Master Gardener Mary Rowson, conducted a
gourd painting workshop recently for members
of Shawosa Gardening Club. Creativity flourished
and everyone left with a gorgeous creation.
Trudi Hathawat,
right, of
Woodstown with
her gourd. Helen
DeMaris, left, of
Woodstown paints
her work of art.
s Order Your Centerpieces Now!
s Hostess Gifts and Flower Arrangements Available
Ash’s Flower Shop
Ash’s Plant and Flower Shop
Corner of 8th & Chestnut, Vineland, NJ
Open Everyday 8 am – 6 pm
We accept all major credit cards
Open Thanksgiving Day 8-3
856-696-3577
PERFUROMA
GENUINE BRANDS LOWEST PRICES GUARANTEED
21st: 22 HOUR SALE!
Black Friday starts anksgiving Eve.
Cumberland Mall opens anksgiving ursday
12 Midnight to 10pm Friday night!!!
DOOR BUSTERS!!!
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While Supplies last, Come early, Shop Early!!! While supplies last.
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Exp. 12/31/12 Offers can not be combined with sale items.
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Thanksgiving & Black Friday Sale
LIQUORS VARIOUS REDS & WHITES
BEER
Sale prices may vary as permitted by state laws. All prices do not include sales tax and are while quantities last.
Not responsible for typographical errors. Sale prices apply to no gift items.
OPEN THANKSGIVING DAY 9 am – 10 pm
OPEN WEDNESDAY, 11/23, 9 am – midnight
Open Mon-Thu 9am-10pm • Fri & Sat 9am-midnight • Sun 12pm-10pm
SEAGRAM DRY GIN
1.75L $15.99
BOMBAY GIN
1.75L $29.99
CRYSTAL PALACE GIN
1.75L $11.99
EL JIMIDOR TEQUILA
1.75L $29.99
BACARDI SILVER & GOLD
1.75L $19.99
SOBIESKI VODKA
1.75L $18.99
YELLOW TAIL ALL TYPES
1.5L $10.99
CHATEAU ST. MICHELLE CABERNET
750ML $12.99
SUTTER HOME ALL TYPES
1.5L $9.99
BAREFOOT ALL TYPES
1.5L $10.99
BERINGER WHITE ZINFANDEL
1.5L $9.49
BLACKSTONE CABERNET
1.5L $14.99
GHOST PINES CABERNET
750ML $14.49
SEVEN DEADLY ZINS
750ML $13.49
BOLLA BARDOLINO
1.5L $12.49
SANTA MARGARITA PINOT GRIGIO
750ML $20.99
GNARLY HEAD CABERNET
750ML $8.99
KIM CRAWFORD SAUVIGNON BLANC
750ML $14.49
FETZER CHARDONNAY
1.5L $10.99
BRANCOTT PINOT NOIR
750ML $10.49
HESS SELECT CABERNET
750ML $16.99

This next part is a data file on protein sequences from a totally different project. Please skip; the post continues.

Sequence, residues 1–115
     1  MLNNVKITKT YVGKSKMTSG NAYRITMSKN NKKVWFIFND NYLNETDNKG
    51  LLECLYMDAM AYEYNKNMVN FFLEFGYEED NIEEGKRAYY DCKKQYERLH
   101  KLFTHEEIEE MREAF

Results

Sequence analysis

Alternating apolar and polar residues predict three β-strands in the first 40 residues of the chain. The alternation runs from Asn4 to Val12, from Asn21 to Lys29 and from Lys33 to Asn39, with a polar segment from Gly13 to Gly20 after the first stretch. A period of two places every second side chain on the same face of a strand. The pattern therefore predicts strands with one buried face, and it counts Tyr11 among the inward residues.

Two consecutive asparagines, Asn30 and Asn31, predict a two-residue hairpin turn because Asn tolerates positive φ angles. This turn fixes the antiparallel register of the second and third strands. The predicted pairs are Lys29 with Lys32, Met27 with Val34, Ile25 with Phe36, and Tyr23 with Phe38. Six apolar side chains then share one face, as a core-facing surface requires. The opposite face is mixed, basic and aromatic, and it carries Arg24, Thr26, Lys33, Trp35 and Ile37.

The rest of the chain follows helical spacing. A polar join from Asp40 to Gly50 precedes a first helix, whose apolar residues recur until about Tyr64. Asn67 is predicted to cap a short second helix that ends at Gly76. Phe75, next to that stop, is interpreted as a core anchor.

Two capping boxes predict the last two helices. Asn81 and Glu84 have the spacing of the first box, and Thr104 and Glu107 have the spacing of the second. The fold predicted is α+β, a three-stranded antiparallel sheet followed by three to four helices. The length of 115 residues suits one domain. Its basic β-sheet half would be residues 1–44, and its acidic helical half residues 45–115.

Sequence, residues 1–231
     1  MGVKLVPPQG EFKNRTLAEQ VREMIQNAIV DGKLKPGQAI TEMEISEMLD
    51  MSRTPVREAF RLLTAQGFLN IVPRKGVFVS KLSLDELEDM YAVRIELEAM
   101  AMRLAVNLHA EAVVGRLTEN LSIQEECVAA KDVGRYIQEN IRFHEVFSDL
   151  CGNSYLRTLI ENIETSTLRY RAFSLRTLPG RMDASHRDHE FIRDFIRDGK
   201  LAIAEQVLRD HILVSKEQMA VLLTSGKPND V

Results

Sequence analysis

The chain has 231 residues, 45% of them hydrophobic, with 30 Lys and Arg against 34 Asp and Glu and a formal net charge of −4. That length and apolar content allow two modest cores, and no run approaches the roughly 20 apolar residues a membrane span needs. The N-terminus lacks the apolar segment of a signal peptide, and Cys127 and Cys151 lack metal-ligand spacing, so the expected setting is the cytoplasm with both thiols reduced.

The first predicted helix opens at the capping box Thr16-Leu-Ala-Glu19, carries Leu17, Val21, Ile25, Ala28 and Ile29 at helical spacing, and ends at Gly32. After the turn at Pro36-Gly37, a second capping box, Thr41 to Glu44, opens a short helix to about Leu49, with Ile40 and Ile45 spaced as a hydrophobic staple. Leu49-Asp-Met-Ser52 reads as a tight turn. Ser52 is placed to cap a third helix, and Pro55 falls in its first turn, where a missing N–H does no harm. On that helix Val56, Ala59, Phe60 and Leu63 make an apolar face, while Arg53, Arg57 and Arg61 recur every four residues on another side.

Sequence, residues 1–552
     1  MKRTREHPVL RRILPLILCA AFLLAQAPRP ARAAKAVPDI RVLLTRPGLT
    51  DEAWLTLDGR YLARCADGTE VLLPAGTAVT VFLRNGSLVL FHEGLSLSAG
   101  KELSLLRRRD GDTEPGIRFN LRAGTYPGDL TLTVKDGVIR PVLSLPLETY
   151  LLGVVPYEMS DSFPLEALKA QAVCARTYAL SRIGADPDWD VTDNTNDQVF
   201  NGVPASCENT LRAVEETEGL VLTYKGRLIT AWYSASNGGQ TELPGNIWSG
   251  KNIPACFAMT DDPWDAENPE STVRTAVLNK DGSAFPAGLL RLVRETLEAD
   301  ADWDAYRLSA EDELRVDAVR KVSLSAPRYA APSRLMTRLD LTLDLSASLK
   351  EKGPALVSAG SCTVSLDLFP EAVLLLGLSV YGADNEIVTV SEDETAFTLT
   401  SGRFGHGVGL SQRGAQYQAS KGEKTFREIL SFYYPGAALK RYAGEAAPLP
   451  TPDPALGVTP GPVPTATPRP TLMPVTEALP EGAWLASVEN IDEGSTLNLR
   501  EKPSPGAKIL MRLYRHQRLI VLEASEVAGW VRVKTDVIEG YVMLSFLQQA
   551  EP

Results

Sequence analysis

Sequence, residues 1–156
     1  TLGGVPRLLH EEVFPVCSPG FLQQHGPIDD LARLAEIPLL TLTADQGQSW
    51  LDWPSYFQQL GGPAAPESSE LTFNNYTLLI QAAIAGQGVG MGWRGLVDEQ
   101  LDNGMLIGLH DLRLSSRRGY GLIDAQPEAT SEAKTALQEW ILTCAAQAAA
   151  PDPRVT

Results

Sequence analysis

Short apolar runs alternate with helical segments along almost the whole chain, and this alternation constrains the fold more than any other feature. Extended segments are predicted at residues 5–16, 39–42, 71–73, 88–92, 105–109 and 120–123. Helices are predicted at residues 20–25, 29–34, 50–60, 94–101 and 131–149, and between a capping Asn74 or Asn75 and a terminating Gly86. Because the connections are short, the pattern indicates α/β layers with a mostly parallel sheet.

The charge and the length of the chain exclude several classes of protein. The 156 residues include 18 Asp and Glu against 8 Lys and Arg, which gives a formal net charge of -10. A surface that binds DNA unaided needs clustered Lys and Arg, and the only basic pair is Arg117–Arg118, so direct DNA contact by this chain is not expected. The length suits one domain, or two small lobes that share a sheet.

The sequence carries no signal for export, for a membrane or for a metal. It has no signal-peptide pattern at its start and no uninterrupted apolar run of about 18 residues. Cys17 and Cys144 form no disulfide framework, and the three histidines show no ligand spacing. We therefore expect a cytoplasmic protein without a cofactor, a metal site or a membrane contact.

CHIVAS REGAL
1.75L $52.99
JOHNNIE WALKER BLUE
75OML $174.99
JOHNNIE WALKER BLACK
1.75L $61.99
FRIS VODKA
1.75L $18.99
KAHLUA
1.75L $31.99
CAROLINS IRISH CREAM
1.75L $20.99
GRAND MARNIER
1.75L $58.99
M&R ASTI
1.5L $21.99
NANDO FRAGOLINO
750ML $7.99
SKY VODKA
1.75L $24.99
RUSSIAN STANDARD
1.75L $29.99
KETEL ONE
1.75L $39.99
GREY GOOSE
1.75L $49.99
JACK DANIELS
1.75L $41.99
CROWN ROYAL
1.75L $44.99
JIM BEAM
1.75L $28.99
EMERI PINK MOSCATO
750ML $9.99
BAREFOOT BUBBLY MOSCATO
750ML $7.99
CORONA 7 OZ BOTTLES
LOOSE $17.99
HEINEKEN 7 OZ BOTTLES
LOOSE $17.99
BUDWEISER 24 PACK LOOSE
12 OZ CANS $16.99
MILLER & COORS LIGHT 24 PKS
LOOSE 12 OZ CANS $16.99
(856) 213-6564
1931 S. Lincoln Ave. • Vineland
(Corner of Lincoln & Dante aves.)
10% CASE DISCOUNT
on 750ML wines
excludes sale items
10% CASE DISCOUNT
on 750ML wines
excludes sale items
HUGE
selection of
CRAFT BEER
from around
the world!
HUGE
selection of
CRAFT BEER
from around
the world!
Motorcycle Club Aids Family of Autumn Pasquale
On November 11, Vineland's own Blackcrosses Motorcycle Club held a Motorcycle Run
for Autumn at Uncle Ricky’s Bar and Grill on Wheat Road. Over 1,600 club members,
their family and friends, and local citizens showed up to the event for the young girl, who
was tragically murdered last month. All proceeds from the event went to the family of
Autumn Pasquale.
Colonial Bank FSB Sponsors Disaster Relief Drive
As areas of New Jersey hit hard by Hurricane Sandy try to piece themselves
together again, Colonial Bank FSB is offering discounted home equity loan rates
to qualified borrowers and pitching in as a collection point for much needed sup-
plies to help families clean up and get a fresh start.
Colonial Bank, with nine branches throughout southern New Jersey,
announced a bankwide Hurricane Disaster Relief Drive, to aid families displaced
by Hurricane Sandy.
“It is absolutely fitting that Colonial Bank, this area’s hometown institution,
should be helping the victims of Hurricane Sandy,” said Ed Geletka, president of
Colonial Bank FSB. “We will do all we can to bring some comfort and aid to all
those families who have suffered and lost so much.”
To help neighbors and friends, Colonial Bank is offering a discount of 25 basis
points on home equity loans for qualified borrowers to repair homes damaged
by Hurricane Sandy. For details about the Sandy Relief Home Equity Loan pro-
gram, call 856-205-0058.
Community members donated non-perishable canned and dry goods, cleaning
supplies and toiletries at Colonial Bank FSB's branches throughout southern
New Jersey.
“Hurricane Sandy brought unthinkable devastation to parts of our area”
Geletka said. “In the aftermath of Sandy, we must support and help our friends,
neighbors and so many others impacted by the storm.”
Many others throughout the region have joined Colonial Bank in the Hurricane
Disaster Relief Drive, including Cumberland Insurance Group, Ultra Clean
Technologies and anonymous personal and corporate donors.
Colonial Bank employees show some of the disaster relief supplies they’ve received.
Grapevine 3-11 112112-de:Layout 1 11/19/12 5:52 PM Page 4
A Nursing Home Is NOT Your Only Option!
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Call Us & Start Living Your LIFE today!